And so, Aria's melody persisted to resonate, inspiring generations to return collectively, to heal the Earth, and to create a global in which nature's splendor thrived another time. - from 'Harmony's Melody'

Spooky Stories Have Morals, Too

Spooky stories, set in an abandoned manor/mansion/hospital/cave also have morals, and usually include intrepid (oops- gave away a buzzword!) groups. Here are some of the morals from the example content:

"Learn from the past," the voice boomed. "Beware the ambition that seeks to alter nature's course."...They knew now the price of tampering with forces beyond their understanding, and the chilling reminder that some tales are best left untold. -from The Haunting Echoes of Mistwood Peaks

I had survived the night, but the terrifying encounter would forever linger in my memory. Perhaps some things are better left unexplained, and sometimes truth is stranger than any dream... I couldn't help but wonder who else would be brave or foolish enough to step foot into that haunted abode. -from The Haunting in Hillwood Manor

the memory of Eliza's bravery and compassion lingered, a reminder that even in the darkest of places, the power of empathy and the willingness to face one's fears could bring about profound transformation. -from Whispers of the Haunted Manor

Telling the Story

Since AI gathers examples from many sources it is not a surprise to see common plot lines and story arcs in the content it generates. Human writers are also practiced in following the same guidelines. What sets apart the AI content is the brevity of the action, the emotionless of the narrative regardless of the buzzwords that are used.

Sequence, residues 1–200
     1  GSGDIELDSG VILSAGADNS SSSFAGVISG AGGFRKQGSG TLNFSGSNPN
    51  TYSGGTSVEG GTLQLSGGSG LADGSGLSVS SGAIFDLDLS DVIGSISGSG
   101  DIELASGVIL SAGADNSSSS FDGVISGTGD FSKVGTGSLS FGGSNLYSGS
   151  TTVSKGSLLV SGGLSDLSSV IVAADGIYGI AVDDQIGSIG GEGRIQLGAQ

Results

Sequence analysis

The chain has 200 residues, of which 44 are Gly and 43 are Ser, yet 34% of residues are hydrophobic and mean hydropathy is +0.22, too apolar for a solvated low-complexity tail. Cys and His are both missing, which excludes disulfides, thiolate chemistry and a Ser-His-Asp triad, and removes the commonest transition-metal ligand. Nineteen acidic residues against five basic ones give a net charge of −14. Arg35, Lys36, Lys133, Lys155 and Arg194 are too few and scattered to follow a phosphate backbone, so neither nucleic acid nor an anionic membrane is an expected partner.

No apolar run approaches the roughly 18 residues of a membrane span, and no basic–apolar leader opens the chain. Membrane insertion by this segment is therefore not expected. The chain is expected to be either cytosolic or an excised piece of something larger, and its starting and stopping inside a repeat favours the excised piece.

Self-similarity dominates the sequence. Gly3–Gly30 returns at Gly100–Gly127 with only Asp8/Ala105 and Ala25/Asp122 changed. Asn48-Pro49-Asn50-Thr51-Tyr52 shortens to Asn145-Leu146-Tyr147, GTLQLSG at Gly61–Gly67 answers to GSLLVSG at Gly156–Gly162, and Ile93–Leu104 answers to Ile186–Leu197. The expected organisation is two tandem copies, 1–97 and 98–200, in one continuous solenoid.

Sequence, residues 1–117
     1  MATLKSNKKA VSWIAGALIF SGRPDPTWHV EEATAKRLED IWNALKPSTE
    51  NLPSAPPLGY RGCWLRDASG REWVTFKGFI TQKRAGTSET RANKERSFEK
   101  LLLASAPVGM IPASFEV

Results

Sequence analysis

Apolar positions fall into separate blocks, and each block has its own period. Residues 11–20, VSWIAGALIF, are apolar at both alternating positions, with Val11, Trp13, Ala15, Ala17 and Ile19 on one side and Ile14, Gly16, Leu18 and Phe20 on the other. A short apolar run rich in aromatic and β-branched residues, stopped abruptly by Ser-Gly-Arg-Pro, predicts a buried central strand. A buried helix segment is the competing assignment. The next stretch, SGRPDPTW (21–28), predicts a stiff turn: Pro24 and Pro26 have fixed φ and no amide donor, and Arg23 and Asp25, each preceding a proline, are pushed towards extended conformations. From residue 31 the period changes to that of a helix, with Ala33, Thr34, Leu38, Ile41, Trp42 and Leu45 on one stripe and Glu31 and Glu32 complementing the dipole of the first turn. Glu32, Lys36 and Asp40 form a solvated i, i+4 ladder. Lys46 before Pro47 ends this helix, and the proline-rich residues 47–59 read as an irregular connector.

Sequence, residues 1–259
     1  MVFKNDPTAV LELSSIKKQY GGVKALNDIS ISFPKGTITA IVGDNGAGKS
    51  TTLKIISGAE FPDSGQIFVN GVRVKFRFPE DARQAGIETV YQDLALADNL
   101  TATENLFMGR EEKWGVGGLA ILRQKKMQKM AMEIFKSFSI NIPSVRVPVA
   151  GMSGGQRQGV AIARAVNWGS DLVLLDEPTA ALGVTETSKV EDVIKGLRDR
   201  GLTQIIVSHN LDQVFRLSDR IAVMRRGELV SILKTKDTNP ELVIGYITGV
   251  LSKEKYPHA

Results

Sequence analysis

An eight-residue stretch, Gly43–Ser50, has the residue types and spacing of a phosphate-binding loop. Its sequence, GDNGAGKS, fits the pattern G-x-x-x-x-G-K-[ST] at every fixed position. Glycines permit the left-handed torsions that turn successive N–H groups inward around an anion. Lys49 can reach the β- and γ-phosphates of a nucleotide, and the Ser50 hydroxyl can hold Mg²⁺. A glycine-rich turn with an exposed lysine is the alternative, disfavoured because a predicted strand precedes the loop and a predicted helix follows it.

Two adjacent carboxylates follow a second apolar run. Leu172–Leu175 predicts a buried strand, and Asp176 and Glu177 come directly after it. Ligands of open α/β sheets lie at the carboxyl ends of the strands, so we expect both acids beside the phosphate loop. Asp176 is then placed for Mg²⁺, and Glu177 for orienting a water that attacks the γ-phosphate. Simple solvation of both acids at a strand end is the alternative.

Fights are 'stirring' but there are no details. Love is reciprocated, but there is no passion. painting is 'inspiring' but we don't know what the colors or the subjects are upon the canvas. Music lifts the soul, but there are no lyrics.

AI may be many things, among them a caution for creators and artists, playwrights and novelists, publishers and bloggers. What it can't be is demonic. Because if it is true that the Devil is in the details then AI doesn't fit the mold.


The more you scan AI generated content the more you will notice variations of these common names.

The next chapter is on: Vocabulary, and we will get to those Buzzwords. (Did you see more of them in the screenshots?)


The content above is from my work in progress, described in this Vocal post:

The previous chapter is Character Names.

Please subscribe to get a FREE notification of the next chapter in this guide, as well as my other newly published Vocal content.

And while you are here, please add a comment below: Did you watch the Vonnegut YouTube link? What do you think?


About the Creator

Judey Kalchik

It's my time to find and use my voice.

Poetry, short stories, memories, and a lot of things I think and wish I'd known a long time ago.

You can also find me on Medium

And please follow me on Threads, too!

Reader insights


Excellent work. Looking forward to reading more!

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Comments (9)

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  • D. D. Lee9 months ago

    Thank you!

  • Naomi Gold10 months ago

    Another great chapter in this series! I did watch the video, it was quite funny. I never thought of Hamlet as being like a reversed gender Cinderella before.

  • Jay Kantor10 months ago

    Dear Ms. Judey ~ Terrific How-to-Tool-Topic ~ Who me? I've always thought my 'Alter-Ego' derived my stories filtered through my keyboard. - My Pleasure - Jay

  • Rachel Deeming10 months ago

    Very interesting article. The more I learn about AI generated content, the more I am intrigued by it. Not checked out the video...yet but will seek it out.

  • Babs Iverson10 months ago

    Wonderful self-help article!!!💕❤️❤️

  • Lilly Cooper10 months ago

    I'm not sure my articles do well at the arc. It may help with stories that fall a bit flat. A helpful article, thank you!

  • Dean F. Hardy10 months ago

    Curious if you've ever seen one of Kurt Vonneguts lectures around the same topic. They're brilliant and I think you'd really enjoy it. Check one out on YouTube.

  • Continuing well, even if you did give away a buzzword.

  • Mariann Carroll10 months ago

    Thank you for writing this 💓